Rivals Top 100, 247Sports Top 150, ESPN Recruiting Nation, these are just some of the more popular websites that have full time staff dedicated to high school football and basketball coverage. The competitiveness in that industry has never been higher, these are two of the most popular sports in America and there is nothing that is going to slow that train down. But for sports such as swimming and track and field/cross country, they are constantly having to fight for their moment in the spot light.
"Cross country is the most highly participated sport in the United States,’ says Villanova track and cross country coach Marcus O’Sullivan, "however it doesn’t get, what I would call, the high profile media. It doesn't need to have the high profile image, it would be nice, but it doesn't have it."
Villanova Track and Cross Country have a rich tradition. Villanova’s women have won the NCAA Championship nine times while the men have won four times. For swimming, both teams have won numerous Big East Championships and they continue to contend in the Big East.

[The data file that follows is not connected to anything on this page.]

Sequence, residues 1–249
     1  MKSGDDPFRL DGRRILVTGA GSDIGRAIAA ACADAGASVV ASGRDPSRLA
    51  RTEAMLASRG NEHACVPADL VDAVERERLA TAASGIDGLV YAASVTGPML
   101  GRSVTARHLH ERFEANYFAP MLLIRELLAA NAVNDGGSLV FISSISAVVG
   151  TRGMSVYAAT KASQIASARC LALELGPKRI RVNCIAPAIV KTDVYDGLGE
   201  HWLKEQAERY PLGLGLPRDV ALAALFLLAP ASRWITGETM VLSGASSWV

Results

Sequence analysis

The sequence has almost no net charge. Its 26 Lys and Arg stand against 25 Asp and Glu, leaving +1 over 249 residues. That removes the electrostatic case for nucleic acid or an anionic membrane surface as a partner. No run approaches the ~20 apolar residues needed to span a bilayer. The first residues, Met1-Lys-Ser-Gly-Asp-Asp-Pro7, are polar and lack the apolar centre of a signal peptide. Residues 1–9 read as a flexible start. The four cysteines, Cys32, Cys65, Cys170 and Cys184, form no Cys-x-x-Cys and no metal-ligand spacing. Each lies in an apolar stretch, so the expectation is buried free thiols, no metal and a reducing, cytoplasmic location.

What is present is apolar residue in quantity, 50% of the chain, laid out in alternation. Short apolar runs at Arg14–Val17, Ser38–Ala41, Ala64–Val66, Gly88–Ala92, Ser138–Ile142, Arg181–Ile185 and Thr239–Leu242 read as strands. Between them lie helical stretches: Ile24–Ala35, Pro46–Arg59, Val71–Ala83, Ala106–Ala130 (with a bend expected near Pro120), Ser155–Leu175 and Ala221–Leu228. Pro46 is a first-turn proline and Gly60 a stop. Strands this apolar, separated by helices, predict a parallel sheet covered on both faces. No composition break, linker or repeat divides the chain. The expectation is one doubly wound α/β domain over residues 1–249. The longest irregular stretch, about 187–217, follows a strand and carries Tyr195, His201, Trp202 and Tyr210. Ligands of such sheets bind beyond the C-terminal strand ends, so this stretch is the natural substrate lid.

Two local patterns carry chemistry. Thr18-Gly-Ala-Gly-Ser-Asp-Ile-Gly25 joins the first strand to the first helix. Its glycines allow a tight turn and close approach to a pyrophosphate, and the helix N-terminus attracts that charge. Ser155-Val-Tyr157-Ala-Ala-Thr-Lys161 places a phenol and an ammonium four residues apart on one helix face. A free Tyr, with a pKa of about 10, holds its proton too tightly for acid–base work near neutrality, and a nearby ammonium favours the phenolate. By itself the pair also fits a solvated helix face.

Villanova has a storied athletic program, but all the attention seems to go towards the basketball and football team.
Recruitment in college athletics has transformed into a 24/7 cycle. There are hundreds of websites that track every high school sport. New jobs have formed where all the reporters do is talk about where a particular athlete is leaning towards attending college next fall. There has even been a channel, ESPNU, dedicated to college athletics.
With recruitment in college athletics blowing up it has made recruitment easier for coaches, but at the same time it has leveled the playing field. Where in the past coaches had to be continuously traveling to go see a high school kids play, now all they have to do is sit down at their computer and watch youtube.